Library Stories: Earl’s

I was going through some old posts and ran across a few that chronicled how much Multnomah County Library has helped shape my life.

I had this crazy idea that it might be cool to leave Las Vegas and everything else behind and go off to somewhere new and record my experiences in a journal. I wanted an adventure. I was drawn to Portland for reasons unknown to me. I had never been here before but the more I read about the city, the more it seemed like it was where I should be.

When I got here, it was cold and raining. That was no surprise. In fact, I welcomed the predictability of it all. Didn’t everyone tell me about the weather?

As adventurous as I thought I wanted to be, homelessness was always going to be the last resort. But as I wandered lost and wet in a new city, I was worried I might actually end up having to live in the streets.

I did not lose faith though. I knew there was a place I could go- where lost souls could find temporary refuge and regroup. Sacred buildings where people talked in whispers and everyone was welcome. I went to a library. And, unlike churches, they had computers I can use.

Central Library is a beautiful building. In fact, if I weren’t so soaked and hell-bent on finding a place to stay, I would have taken the time to look around and admire the architecture. But once I had a list of potential temporary lodging, I dashed off to check them out. (March 2008)

Anywhere there’s a library, I feel like I’m home. But I still had other things to worry about…

I figured that while I was still terminally unemployed, it would be a good time to check out what volunteering opportunities there were out in the world. Or, at least, in my immediate vicinity. I was hoping there’d be some at Central Library since it was close by and I was familiar with that environment. I was thinking I could check in and shelve items. I attended a meeting there last week to see what was available. I felt so old that day. I was surrounded by mostly teenagers and some were so young they had a parent with them for supervision. It lasted about an hour- going over some background information on the library district and the different areas in which to volunteer in. Unfortunately, there were no spots at that location but finding out about my work history, one of the coordinators suggested I check out the Friends’ Library Store. So I did.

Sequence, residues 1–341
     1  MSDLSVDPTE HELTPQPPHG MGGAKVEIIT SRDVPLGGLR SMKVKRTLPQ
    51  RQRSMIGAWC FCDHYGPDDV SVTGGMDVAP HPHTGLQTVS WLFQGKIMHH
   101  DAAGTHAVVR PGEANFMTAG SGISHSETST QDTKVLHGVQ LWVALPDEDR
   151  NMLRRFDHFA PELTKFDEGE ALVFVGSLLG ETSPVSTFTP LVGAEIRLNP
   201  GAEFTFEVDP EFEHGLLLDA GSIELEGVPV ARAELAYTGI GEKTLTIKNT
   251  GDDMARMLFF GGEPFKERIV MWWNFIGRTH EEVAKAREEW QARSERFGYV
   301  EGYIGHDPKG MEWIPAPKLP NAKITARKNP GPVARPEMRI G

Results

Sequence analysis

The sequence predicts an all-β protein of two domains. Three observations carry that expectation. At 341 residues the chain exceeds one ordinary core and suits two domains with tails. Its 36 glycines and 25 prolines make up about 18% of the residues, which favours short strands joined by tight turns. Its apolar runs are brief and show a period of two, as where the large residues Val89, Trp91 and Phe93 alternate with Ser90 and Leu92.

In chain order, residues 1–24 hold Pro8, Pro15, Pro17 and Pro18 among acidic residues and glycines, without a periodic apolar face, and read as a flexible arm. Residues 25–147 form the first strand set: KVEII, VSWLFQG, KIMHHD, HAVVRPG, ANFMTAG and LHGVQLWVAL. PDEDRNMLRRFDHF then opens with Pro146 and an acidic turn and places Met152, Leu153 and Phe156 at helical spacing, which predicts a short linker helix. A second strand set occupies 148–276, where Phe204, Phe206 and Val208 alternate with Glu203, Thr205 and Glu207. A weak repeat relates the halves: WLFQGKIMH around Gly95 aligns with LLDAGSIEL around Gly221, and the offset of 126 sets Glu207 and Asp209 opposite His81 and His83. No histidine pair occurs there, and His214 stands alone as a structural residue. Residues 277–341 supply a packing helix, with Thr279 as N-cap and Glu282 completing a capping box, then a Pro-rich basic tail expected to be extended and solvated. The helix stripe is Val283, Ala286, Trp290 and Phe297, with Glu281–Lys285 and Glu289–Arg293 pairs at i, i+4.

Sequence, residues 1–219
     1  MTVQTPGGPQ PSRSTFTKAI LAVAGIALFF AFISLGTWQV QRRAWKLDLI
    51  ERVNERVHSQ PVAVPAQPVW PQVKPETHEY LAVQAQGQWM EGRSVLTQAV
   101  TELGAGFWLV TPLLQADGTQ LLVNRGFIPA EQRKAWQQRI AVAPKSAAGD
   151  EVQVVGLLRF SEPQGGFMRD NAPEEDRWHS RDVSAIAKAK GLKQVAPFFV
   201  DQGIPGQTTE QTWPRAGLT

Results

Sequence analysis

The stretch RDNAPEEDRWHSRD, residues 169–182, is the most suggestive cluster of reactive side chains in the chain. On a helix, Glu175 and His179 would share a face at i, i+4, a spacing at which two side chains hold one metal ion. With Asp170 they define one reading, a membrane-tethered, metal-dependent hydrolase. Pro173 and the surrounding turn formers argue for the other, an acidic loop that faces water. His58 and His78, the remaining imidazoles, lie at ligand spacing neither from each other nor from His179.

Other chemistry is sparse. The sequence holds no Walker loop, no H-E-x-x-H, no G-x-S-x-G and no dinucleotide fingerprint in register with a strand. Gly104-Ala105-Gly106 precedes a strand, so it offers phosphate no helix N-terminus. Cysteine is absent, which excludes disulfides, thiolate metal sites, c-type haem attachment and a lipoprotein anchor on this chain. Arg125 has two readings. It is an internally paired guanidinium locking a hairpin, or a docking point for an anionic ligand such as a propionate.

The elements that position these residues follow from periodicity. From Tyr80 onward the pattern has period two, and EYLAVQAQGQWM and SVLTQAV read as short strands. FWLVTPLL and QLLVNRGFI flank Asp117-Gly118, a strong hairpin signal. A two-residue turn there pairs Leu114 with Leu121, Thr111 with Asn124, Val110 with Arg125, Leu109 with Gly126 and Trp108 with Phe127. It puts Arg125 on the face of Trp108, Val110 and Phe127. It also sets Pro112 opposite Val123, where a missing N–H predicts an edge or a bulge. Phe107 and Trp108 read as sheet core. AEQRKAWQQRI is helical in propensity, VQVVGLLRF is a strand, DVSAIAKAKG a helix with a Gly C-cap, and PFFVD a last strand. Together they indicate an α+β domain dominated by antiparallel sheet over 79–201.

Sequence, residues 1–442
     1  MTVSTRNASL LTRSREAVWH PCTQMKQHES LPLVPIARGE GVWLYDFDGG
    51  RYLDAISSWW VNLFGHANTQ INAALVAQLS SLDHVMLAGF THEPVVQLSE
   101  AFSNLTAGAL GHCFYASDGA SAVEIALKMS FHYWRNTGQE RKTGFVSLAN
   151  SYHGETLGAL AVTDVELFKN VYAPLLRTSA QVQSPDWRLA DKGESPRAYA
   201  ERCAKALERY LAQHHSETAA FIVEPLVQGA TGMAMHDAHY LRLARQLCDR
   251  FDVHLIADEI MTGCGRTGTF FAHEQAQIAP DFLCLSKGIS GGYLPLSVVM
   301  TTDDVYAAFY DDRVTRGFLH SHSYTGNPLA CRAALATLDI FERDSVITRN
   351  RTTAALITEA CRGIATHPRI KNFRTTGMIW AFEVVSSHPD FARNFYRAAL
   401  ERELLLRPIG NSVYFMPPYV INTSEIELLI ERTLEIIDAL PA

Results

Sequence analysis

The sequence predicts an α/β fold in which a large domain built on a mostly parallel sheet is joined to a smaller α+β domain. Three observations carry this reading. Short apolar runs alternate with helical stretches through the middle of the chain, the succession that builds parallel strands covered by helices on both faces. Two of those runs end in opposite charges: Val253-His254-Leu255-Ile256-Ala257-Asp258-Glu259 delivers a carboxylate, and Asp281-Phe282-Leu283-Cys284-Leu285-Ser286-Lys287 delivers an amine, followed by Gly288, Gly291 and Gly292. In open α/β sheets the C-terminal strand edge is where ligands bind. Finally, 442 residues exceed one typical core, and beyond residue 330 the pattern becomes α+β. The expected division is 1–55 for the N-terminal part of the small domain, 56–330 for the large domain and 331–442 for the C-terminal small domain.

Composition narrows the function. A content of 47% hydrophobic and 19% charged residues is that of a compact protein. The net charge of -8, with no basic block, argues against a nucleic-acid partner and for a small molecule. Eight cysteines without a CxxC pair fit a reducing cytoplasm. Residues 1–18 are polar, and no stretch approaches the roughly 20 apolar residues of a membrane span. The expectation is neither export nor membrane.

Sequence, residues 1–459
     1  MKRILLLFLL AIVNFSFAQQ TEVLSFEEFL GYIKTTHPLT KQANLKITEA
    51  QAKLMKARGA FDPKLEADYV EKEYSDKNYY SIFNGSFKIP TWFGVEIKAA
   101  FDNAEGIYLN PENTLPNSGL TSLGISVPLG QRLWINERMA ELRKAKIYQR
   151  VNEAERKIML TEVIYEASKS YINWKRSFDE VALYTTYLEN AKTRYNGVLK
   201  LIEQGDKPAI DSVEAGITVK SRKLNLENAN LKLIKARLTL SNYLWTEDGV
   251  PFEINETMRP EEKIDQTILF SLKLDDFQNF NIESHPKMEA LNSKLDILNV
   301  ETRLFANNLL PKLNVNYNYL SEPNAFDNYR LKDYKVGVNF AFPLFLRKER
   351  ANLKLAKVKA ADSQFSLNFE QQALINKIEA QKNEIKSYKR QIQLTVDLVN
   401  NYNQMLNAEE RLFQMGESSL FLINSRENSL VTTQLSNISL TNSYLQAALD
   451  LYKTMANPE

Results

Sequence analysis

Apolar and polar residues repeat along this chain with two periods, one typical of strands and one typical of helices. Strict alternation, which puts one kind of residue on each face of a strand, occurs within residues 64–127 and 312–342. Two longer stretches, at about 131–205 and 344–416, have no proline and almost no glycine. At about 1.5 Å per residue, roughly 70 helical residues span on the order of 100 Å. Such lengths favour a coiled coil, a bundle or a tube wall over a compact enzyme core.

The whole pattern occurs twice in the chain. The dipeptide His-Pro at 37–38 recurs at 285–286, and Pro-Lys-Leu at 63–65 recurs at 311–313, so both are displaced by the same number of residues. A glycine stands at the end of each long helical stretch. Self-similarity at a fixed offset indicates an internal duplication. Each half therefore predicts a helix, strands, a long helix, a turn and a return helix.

Friends of the Multnomah County Library is a non-profit organization run by volunteers that helps support the library system with its sales of not only donated materials like books, CD’s and DVD’s but also of greeting card, postcards, bookmarks, book ends, literary gifts, shirts, hats, posters, drinks and snacks. For such a small space, I was surprised they could fit all that in.

I just finished my first day there even though I was practically doing everything I would have done working in a bookstore- but without getting paid. The highlight was definitely interacting with the customers. There was a nice lady, who was not only a reader but a booklover as well, and we talked about some good books we’ve read and even recommended some titles to each other. I missed those connections.

I enjoyed myself and am glad I’ve rejoined the ranks of the contributing members of society. I look forward to volunteering some more with Friends. (June 2008)

Since then, I have helped out during the Friends of the Library’s Spring and Fall Used Book Sales and special events and become a Board Member.

For awhile now, I’ve wanted to be a US citizen in order to have more of a voice/impact on issues that mattered to me.

And, as luck would have it, Multnomah County Library was holding one of their free citizenship classes (as part of their Outreach Services to adults) so I signed up.

I didn’t know what to expect. I was a bit nervous but I had no need to be. After introductions were made, the volunteer instructor gave a brief overview of the six-week course. We were given a packet containing the necessary forms and flash cards and other study materials.

While I decided to just attend one class since it seemed self-explanatory to me and to give the other students more time if they needed additional assistance, I was so grateful that the library offered his kind of service! It was just what I needed to get the process started.

I decided to share my story now because I recently took my Oath Ceremony. I am now a US Citizen! Thanks to Multnomah County Library for helping me achieve this goal! (August 2012)

If you’re reading this, you probably love libraries as much as I do. You probably squeed the first time you visited one. You probably took extra care writing your name on the back of your first library card. You probably lost track of time more often than you’d like to admit, needing to be reminded by the staff that they really do have to close for the day. Where else do your parents know where to look for you when you’ve forgotten to come home after school?

Libraries play important roles in our lives and we invite you to share your experiences. What’s your library story?

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